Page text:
Judging by their State of the State addresses, most of the nation’s governors are full of good cheer. This is likely, in part, because their states’ fiscal status has improved since a few years ago.
Many of the governors are in their second terms and used their start-of-the-year speeches to tout how much better off their states are: low unemployment, strong job growth, economic development victories, heightened investment (or anticipated investment) in education, balanced budgets and well-stocked rainy day funds.
Some governors, however, offered a somewhat gloomier outlook. States that have suffered from the dramatic drop in oil prices -- such as Alaska, Oklahoma and New Mexico -- and states with special budget problems -- such as Kentucky and Illinois -- have little to celebrate.
We read all of the speeches delivered as of Tuesday (31 of the 43 that will ultimately be presented). Here are the highlights of governors’ managerial concerns going into this year.
One concept that came up frequently was “accountability.”
Nebraska Gov. Pete Ricketts used that word when he referred to a needed culture change in the state’s Department of Corrections. Before he took office, "dozens of convicted criminals, many of them violent [were] released from prison early because of errors in sentencing calculations."
Unsurprisingly, accountability was also a particularly pressing topic for Michigan Gov. Rick Snyder, who spent a significant part of his speech discussing and taking responsibility for the Flint water crisis.
“No citizen of this great state should endure this kind of catastrophe,” he said. “Government failed you: federal, state and local leaders by breaking the trust you placed in us. I am sorry most of all that I let you down. You deserve better. You deserve accountability.”
He promised to release his 2014-2015 e-mails regarding Flint, to work hand in hand with Flint's mayor to "rebuild the trust that has been broken," and to cooperate with investigations.
While state employees were generally praised for their good work, employee unions took a beating from the governors of Illinois and New Jersey.
In his speech, Illinois Gov. Bruce Rauner complained about unions’ compensation demands being “out-of-touch with reality.” He said that, adjusted for the cost of living, Illinois has the highest paid public employees in the nation. He also said one of the most critical actions needed in his state is constitutional pension reform, noting that the state has one of the nation's worst unfunded pension liabilities.
New Jersey Gov. Chris Christie, a Republican presidential candidate, criticized “selfish public-sector union leadership” and spoke against a proposed constitutional amendment to guarantee state pensions. “We cannot deny funding for health care, education, criminal justice, the poor, our environment, our children and our infrastructure to pander to pensioners. We cannot soak every taxpayer for the benefit of the privileged few.”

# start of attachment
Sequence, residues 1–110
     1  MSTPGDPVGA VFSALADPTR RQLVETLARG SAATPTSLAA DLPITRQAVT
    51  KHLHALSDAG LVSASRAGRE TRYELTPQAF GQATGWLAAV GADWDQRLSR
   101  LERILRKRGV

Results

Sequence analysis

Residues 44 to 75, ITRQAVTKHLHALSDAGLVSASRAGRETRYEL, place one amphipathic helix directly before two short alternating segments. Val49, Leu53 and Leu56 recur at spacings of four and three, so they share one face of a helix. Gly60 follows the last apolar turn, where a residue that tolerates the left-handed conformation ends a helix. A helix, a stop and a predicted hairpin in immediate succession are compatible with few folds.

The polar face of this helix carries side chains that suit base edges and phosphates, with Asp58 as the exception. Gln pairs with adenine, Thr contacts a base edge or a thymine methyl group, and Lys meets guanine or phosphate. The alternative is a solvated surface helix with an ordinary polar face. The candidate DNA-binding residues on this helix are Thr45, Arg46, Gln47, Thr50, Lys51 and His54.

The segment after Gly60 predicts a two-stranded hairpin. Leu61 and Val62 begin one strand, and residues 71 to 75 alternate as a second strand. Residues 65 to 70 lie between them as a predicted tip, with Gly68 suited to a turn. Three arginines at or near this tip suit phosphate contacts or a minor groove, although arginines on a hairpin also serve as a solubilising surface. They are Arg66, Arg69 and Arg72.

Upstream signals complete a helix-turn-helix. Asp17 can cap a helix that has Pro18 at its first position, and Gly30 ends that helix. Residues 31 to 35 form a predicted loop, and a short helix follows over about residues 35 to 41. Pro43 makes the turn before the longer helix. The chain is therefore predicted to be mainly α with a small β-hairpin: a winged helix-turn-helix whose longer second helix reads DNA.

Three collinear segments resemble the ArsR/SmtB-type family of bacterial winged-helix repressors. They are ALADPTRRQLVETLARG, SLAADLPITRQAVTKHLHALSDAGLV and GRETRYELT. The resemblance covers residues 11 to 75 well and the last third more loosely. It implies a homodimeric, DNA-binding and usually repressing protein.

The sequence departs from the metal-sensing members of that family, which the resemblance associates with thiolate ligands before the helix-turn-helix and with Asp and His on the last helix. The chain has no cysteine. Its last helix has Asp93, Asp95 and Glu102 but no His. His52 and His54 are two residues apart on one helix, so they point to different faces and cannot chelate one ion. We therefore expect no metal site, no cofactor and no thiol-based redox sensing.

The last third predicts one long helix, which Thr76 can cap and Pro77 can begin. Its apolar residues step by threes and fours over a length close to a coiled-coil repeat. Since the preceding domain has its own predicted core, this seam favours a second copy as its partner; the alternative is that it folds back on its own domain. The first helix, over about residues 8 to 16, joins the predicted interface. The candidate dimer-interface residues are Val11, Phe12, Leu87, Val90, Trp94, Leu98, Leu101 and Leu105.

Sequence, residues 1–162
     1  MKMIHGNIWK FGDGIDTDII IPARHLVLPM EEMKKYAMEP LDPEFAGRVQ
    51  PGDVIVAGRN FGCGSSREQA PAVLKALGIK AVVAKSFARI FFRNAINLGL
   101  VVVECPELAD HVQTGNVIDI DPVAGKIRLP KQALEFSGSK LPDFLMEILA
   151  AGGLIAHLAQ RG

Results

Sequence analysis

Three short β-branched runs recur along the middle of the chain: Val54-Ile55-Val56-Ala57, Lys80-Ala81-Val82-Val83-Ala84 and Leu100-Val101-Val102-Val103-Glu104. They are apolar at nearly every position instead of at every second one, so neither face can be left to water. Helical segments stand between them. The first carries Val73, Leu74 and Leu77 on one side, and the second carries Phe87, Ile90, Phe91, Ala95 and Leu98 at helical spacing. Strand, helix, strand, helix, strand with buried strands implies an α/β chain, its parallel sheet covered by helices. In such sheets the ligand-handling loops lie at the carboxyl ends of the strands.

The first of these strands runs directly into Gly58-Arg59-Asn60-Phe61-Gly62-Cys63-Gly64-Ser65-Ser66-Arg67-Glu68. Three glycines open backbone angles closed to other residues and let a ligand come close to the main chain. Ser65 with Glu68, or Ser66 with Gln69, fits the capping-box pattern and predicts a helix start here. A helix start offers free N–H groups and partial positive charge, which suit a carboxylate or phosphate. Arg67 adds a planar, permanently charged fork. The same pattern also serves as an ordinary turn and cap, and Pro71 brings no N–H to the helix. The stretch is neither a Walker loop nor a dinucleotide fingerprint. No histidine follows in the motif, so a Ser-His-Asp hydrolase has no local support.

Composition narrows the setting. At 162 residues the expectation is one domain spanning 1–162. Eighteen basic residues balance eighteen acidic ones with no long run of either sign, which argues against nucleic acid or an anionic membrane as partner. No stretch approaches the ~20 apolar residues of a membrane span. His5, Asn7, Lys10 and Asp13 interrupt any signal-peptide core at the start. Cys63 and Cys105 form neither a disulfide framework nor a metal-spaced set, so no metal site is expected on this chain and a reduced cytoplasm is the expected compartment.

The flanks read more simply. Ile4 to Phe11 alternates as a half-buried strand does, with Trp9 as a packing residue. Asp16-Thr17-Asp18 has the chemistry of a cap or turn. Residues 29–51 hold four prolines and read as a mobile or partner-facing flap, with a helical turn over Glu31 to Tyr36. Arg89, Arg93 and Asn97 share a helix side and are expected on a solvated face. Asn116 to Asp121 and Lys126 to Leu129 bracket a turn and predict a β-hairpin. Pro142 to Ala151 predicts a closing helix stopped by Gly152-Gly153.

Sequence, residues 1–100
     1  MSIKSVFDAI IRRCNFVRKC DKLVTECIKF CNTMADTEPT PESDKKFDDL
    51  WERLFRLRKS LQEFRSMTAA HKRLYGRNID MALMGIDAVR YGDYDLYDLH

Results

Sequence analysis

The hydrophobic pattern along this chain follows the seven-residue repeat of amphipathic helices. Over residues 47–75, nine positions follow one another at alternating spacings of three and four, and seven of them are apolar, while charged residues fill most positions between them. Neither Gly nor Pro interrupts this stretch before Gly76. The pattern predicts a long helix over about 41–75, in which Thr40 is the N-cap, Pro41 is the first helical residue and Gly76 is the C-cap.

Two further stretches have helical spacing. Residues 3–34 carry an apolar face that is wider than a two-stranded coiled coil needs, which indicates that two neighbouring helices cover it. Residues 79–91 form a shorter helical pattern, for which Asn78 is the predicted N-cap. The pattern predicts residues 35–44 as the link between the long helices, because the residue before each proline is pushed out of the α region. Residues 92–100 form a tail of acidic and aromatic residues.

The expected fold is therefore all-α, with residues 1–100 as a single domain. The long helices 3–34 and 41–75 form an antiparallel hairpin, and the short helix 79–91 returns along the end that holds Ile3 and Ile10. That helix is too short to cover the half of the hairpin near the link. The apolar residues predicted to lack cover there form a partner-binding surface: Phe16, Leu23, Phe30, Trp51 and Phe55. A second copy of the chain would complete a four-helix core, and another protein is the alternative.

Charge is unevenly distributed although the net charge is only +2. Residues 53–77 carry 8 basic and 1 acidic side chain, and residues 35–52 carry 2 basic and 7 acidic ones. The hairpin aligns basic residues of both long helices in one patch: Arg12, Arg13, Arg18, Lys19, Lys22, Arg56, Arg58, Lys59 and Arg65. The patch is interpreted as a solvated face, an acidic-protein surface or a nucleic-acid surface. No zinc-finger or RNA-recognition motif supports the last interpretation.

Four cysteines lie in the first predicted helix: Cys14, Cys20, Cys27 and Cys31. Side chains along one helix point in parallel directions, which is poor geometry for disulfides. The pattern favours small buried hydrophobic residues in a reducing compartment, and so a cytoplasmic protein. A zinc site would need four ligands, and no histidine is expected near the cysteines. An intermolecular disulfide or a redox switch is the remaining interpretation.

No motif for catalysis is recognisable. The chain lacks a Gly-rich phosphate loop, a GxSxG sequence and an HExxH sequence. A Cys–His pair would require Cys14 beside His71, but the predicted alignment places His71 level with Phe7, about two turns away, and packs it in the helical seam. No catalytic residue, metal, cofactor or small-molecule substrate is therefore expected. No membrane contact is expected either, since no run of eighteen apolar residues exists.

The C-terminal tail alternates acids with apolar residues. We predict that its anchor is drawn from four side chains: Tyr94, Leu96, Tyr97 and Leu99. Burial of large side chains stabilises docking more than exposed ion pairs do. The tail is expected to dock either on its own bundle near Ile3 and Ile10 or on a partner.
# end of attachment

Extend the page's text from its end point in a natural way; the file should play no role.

Boosting Public Workers’ Pay
Several of the governors are concerned with making sure their states have a sufficient workforce (the subject of a recent Governing article). Their way of doing that is offering more money.
Georgia Gov. Nathan Deal, for example, defended his proposal for giving a 3 percent raise to teachers and state employees. As agency budgets were cut in recent years, he said the remaining employees worked overtime and deserved to be rewarded. “There are four agencies that had over a 20 percent annual turnover rate, with the Department of Behavioral Health and Developmental Disabilities losing almost one third of their employees last year. System-wide, the turnover rate last year was 18.4 percent.”
Similarly, Kentucky’s new Republican governor, Matt Bevin, spent a good part of his speech talking about needed budget cutbacks but also promised increased compensation for social workers and corrections workers to alleviate extreme turnover issues.
Investing in Infrastructure
The need for investment in infrastructure is on the minds of many, including New York’s Andrew Cuomo, Nebraska’s Pete Ricketts, Indiana’s Mike Pence and Hawaii’s David Ige. But only a few governors specifically addressed deferred maintenance of roads and bridges, including Tennessee’s Bill Haslam and California’s Jerry Brown. Brown was the only one to quantify the backlog, which he labeled as a $77 billion problem. "At some point, sooner rather than later, we have to bite the bullet and enact new fees and taxes for this purpose," said Brown. "Ideology and politics stand in the way, but one way or another the roads must be fixed."
The biggest surprise from the speeches so far hasn’t been what governors said -- but what they didn’t say.
There were few mentions of evaluation, data analysis or evidence-based practices -- topics we think are of great importance. The word “efficiency,” which had been a mainstay of State of the State speeches in recent years, garnered only modest attention. Another surprise is that cybersecurity was mostly mentioned as an economic development opportunity, rather than a critical issue that needs state attention. There was an exception, though: Idaho Gov. Bruce Otter discussed the work of his Cybersecurity Task Force and the “growing threat of hackers exploiting our state computer systems.”